CLA-2 CO:R:C:G 083194 CRS
Mr. Walter T. Brown
Customs Import Specialist
Toyomenka (America) Inc.
1285 Avenue of the Americas
New York, NY 10019
RE: Coated Fabric
Dear Mr. Brown:
This is in reply to your letter dated October 24, 1988, in
which you requested a binding ruling under the Harmonized Tariff
Schedule of the United States Annotated (HTSUSA). Two samples
were submitted with your request.
Two fabric swatches were submitted as samples. The first,
style # XYK9948, is made from 100 percent woven nylon and is
green in color. The back of the fabric has been sprayed with a
polyurethane plastics coating which has caused it to change
color. The fabric is of 70D x 175D/160 x 70 construction and is
specifically designed for ski wear.
The second swatch, is also made from 100 percent black nylon
fabric and is coated on the back with 100 percent acrylic. The
back of the fabric has turned grey as a result of the coating.
The fabric construction is 70D x 140D/108 x 72.
The issue presented is whether the fabrics in question are
coated fabrics of heading 5903, HTSUSA.
LAW AND ANALYSIS:
Articles are classified under the HTSUSA according to the
General Rules of Interpretation (GRIs). GRI 1 provides that the
classification of articles is to be determined according to the
terms of the headings and any relevant section or chapter notes
and, provided that the headings or notes do not otherwise
require, according to the remaining GRIs taken in order.
Heading 5903, HTSUSA, applies to textile fabrics
impregnated, coated, covered or laminated with plastics, other
than those of heading 5902. Note 2(a), Chapter 59, HTSUSA,
states in relevant part that heading 5903 applies to all such
textile fabrics other than:
(1) Fabrics in which the impregnation, coating, covering or
lamination cannot be seen with the naked eye...; for the
purpose of this provision, no account should be taken of any
resulting change of color.
As regards style # XYK9948, a distinct pattern is visible on
the non-coated side of the fabric; but on the coated side the
pattern has been obscured in that plastics material has filled in
the intersections of the weave. Moreover, the non-coated side is
smooth in appearance while the coated side appears coarse and
uneven. Quite apart from the change in color wrought by the
application of polyurethane, the coating of style # XYK9948
visible to the naked eye and, therefore the fabric is coated
within the meaning of Note 2, Chapter 59, HTSUSA.
The coating of the second swatch, the black, woven nylon,
acrylic-coated fabric, has also caused the coated side to change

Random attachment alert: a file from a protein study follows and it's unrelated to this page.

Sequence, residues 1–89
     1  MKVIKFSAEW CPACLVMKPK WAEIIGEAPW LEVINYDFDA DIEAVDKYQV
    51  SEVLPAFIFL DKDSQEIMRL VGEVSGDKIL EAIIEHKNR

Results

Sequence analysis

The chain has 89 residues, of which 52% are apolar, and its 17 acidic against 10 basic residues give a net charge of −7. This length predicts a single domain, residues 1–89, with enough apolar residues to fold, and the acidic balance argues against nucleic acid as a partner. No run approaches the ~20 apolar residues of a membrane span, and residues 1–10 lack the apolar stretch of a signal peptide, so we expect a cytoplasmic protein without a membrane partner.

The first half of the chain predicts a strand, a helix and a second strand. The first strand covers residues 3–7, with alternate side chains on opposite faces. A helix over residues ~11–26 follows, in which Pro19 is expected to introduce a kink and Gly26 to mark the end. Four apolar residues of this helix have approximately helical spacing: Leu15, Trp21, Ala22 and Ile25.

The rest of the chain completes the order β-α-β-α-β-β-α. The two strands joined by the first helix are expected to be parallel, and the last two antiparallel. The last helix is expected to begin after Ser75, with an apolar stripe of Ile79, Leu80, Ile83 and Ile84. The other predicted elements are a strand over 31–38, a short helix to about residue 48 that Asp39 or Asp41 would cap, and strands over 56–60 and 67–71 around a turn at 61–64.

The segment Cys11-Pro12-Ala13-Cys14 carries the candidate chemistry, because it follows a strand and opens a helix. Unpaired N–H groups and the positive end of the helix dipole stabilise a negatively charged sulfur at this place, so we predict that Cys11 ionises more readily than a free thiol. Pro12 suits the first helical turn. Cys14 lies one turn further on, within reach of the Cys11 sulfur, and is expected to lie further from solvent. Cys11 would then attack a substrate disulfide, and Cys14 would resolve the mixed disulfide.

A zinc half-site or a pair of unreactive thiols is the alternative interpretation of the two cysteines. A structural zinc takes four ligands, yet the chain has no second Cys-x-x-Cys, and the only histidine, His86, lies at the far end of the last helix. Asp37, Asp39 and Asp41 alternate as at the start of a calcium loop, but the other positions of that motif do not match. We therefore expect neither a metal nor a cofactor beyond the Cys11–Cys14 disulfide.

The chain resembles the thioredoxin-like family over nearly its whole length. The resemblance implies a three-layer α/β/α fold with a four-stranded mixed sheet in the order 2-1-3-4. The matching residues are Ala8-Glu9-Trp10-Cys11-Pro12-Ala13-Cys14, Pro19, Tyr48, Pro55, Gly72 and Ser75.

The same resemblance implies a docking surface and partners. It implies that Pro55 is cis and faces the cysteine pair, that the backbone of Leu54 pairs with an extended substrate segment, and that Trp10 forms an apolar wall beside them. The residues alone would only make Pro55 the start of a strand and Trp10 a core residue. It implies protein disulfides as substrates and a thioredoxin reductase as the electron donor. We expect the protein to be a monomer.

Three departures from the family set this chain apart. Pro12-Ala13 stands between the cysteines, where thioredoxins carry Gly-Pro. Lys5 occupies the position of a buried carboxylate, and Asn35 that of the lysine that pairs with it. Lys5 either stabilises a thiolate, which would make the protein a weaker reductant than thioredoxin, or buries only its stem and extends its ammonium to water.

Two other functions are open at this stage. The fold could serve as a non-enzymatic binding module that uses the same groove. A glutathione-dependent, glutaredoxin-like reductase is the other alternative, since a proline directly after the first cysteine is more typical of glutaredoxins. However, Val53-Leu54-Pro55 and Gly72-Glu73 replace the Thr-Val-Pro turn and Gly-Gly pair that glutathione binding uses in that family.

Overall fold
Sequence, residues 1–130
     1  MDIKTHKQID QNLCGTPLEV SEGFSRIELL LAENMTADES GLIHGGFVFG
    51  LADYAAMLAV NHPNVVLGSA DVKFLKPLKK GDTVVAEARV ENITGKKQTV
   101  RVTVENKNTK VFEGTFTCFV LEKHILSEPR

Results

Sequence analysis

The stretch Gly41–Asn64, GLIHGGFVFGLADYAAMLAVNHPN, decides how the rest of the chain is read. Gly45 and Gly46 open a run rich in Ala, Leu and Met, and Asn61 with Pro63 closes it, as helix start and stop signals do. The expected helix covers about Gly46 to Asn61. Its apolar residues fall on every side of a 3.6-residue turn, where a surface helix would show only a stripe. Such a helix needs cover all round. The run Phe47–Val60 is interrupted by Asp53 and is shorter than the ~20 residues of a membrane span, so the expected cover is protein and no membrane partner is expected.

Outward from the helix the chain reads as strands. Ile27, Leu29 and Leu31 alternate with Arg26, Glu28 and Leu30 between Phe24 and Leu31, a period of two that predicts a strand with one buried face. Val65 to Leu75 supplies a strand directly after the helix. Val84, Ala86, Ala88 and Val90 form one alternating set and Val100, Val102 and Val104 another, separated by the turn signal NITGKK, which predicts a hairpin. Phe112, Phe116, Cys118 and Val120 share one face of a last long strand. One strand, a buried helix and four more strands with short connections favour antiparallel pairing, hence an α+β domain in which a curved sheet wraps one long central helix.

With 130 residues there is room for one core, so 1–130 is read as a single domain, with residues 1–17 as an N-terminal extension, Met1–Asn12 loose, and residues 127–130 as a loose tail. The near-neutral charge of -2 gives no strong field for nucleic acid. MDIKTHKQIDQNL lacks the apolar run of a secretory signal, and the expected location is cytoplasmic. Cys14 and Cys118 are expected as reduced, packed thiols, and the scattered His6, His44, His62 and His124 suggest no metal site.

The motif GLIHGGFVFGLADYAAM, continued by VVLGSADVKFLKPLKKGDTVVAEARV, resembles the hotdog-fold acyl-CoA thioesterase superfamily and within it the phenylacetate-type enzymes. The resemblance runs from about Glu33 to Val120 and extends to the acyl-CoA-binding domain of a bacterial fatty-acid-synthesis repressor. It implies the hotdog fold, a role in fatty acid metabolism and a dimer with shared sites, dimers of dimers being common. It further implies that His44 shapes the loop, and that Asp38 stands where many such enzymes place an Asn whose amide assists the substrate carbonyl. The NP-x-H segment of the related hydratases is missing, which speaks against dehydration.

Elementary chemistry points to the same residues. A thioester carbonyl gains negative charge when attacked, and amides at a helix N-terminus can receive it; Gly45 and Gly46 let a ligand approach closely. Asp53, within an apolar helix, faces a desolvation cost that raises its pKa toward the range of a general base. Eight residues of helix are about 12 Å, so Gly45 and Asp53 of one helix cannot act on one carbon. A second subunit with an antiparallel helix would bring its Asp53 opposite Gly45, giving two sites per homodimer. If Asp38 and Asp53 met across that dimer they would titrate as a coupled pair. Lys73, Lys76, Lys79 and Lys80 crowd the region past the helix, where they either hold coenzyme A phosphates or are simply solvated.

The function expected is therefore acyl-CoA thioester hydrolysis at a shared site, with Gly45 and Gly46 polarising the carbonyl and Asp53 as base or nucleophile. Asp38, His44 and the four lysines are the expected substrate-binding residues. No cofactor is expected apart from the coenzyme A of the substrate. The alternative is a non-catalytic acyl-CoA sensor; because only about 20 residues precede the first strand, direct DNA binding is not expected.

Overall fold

color. However, in addition to the change in color, the coating
is visibly distinguishable from the fabric itself in that the
plain weave of the fabric appears to be shrouded or veiled by a
film-like substance. Although the underlying weave is visible in
places, it is not necessary that the coating completely obscure
the weave. All that is required is that the plastic coating be
present in sufficient degree so that it can be seen by the naked
eye. So long as this is the case, the fabric is classifiable in
The first fabric, style # XYK9948, is classifiable in
subheading 5903.20.2500, HTSUSA, under the provision for textile
fabrics impregnated, coated, covered or laminated...with
polyurethane, of man-made fibers, other, other, and is subject to
duty at a rate of 8.5 percent ad valorem. The applicable textile
category is 229.
The second fabric is classifiable in subheading
5903.90.2500, HTSUSA, under the provision for textile fabrics
impregnated, coated, covered or laminated...other, of man-made
fibers, other, other, and is dutiable at 8.5 percent ad valorem.
The textile category is 229.
The designated textile and apparel category may be
subdivided into parts. If so, visa and quota requirements
applicable to the subject merchandise may be affected. Since
part categories are the result of international bilateral
agreements which are subject to frequent renegotiations and
changes, to obtain the most current information available, we
suggest that you check, close to the time of shipment, the Status
Report on Current Import Quotas (Restraint Levels), an internal
issuance of the Customs Service, which is available for
inspection at your local Customs office.
Due to the changeable nature of the statistical annotation
(the ninth and tenth digits of the classification) and the
restraint (quota/visa) categories, you should contact your local
Customs office prior to importation of this merchandise to
determine the current status of any import restraints or
John Durant, Director
Commercial Rulings Division